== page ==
Mentally/Emotionally: I struggle with loneliness as I am alone every day of the week. It helps me to structure my day as I like routine: housework, breakfast, exercise, tea break, computer for emails, lunch, rest (1-2hrs, read often), laptop to do writing, watch tv during breaks, prepare dinner. We have a collection of funny dvd’s and loads of Andre Rieu dvd’s which always lift my spirits.

Spiritually: I have an ipod with Christian music and cycle on my stationary exercise bicycle for 3 songs. I use the time to worship God and I am not so aware of my legs going round and the time factor! I have e-sword on my laptop with many different versions of the Bible as well as a good collection of health and Christian books. I write ‘Dear Neighbour’ letters for two publications. Writing has given me tremendous purpose in life and fulfilment. Focussing on your spirit and soul puts the body in perspective. You see the ‘bigger picture’. The body after all is temporal.

Can you please describe your current medical (traditional and alternative) treatments?

I have been on methotrexate since 1986, currently on 7 x 2.5mg tablets once a week, folic acid on 5 days of the week, coxflam (flexocam 15mg is the generic) 1 tablet daily, 2.5mg cortisone daily (trying to cut down).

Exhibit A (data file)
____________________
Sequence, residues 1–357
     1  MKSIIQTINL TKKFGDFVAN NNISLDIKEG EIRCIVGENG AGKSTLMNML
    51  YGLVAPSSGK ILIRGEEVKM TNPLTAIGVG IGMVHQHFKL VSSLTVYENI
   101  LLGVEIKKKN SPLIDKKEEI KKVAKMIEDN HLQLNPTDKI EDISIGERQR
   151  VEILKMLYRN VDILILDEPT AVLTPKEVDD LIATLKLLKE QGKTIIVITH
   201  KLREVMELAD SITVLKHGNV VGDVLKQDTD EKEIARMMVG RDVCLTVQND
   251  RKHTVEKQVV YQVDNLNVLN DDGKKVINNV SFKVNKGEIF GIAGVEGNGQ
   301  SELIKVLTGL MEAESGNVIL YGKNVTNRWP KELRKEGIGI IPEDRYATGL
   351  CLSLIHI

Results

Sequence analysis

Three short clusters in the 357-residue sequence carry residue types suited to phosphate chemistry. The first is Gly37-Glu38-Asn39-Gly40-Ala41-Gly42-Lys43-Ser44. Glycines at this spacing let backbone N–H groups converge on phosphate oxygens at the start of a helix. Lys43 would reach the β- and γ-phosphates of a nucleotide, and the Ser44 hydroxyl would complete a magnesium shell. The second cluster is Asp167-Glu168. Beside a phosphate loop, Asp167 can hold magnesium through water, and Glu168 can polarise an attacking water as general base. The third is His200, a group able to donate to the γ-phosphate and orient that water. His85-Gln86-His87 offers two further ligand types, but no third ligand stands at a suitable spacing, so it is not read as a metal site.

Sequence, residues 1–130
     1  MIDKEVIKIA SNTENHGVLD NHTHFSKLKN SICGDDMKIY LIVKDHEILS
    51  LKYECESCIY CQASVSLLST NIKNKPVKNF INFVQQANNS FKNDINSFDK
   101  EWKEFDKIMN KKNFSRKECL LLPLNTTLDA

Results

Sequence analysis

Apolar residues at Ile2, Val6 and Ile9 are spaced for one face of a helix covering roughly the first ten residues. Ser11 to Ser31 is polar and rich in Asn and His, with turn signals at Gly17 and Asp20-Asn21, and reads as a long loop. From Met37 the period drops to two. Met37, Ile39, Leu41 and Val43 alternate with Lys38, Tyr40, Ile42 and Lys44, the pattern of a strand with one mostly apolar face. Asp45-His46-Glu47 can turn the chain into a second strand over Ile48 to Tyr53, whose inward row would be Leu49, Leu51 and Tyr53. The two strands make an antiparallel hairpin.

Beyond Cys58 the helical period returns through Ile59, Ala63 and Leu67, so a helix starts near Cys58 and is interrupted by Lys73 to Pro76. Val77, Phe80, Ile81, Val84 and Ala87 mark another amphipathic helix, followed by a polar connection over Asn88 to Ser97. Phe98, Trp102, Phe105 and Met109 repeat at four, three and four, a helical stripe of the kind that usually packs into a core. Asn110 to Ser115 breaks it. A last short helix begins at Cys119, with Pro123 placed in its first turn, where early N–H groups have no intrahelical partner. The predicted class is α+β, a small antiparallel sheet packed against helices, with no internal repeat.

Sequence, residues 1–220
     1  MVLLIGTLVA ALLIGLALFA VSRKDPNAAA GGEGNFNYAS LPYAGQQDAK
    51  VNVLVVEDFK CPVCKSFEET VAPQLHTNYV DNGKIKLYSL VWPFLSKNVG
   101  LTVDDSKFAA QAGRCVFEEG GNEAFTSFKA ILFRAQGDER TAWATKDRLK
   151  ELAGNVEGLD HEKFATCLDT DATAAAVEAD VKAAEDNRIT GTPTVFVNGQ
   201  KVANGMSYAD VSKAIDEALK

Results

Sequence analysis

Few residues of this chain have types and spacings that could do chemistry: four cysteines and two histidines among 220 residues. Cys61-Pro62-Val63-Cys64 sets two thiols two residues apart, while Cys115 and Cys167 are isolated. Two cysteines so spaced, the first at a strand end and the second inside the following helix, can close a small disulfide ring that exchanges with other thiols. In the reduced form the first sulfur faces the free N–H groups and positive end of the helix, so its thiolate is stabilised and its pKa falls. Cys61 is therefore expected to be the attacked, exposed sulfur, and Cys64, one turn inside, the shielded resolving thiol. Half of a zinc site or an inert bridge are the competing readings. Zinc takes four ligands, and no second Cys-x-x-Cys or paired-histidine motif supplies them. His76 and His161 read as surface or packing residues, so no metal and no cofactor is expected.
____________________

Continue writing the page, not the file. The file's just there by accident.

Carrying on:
Pilates (not group, personal trainer using a Reformer bed) and Biokinetics every second week as we have to travel an hour. Icepacks (Cryogel) always in freezer – wrap in thin dishtowel and apply for 20 minutes three times a day to inflamed joints. It increases circulation to the joints. Electric Heat pad/ microwave wheatbag for sore muscles or just for comfort when sore. Daily pool exercises (Sept –April) using pool noodle and Poolates (pilates principles in the pool!) I use 1,2 & 4 kg weights three times a week, a high density foam balance board (my balance was very poor) and a Pilates ball for squats against the wall. I supplement daily: multivitamin/multimineral, omega 3, Caltrate plus (calcium), 500mg powdered vitamin c, glucoasimine (2 x 500g daily). Vitamin B Complex when tired or stressed.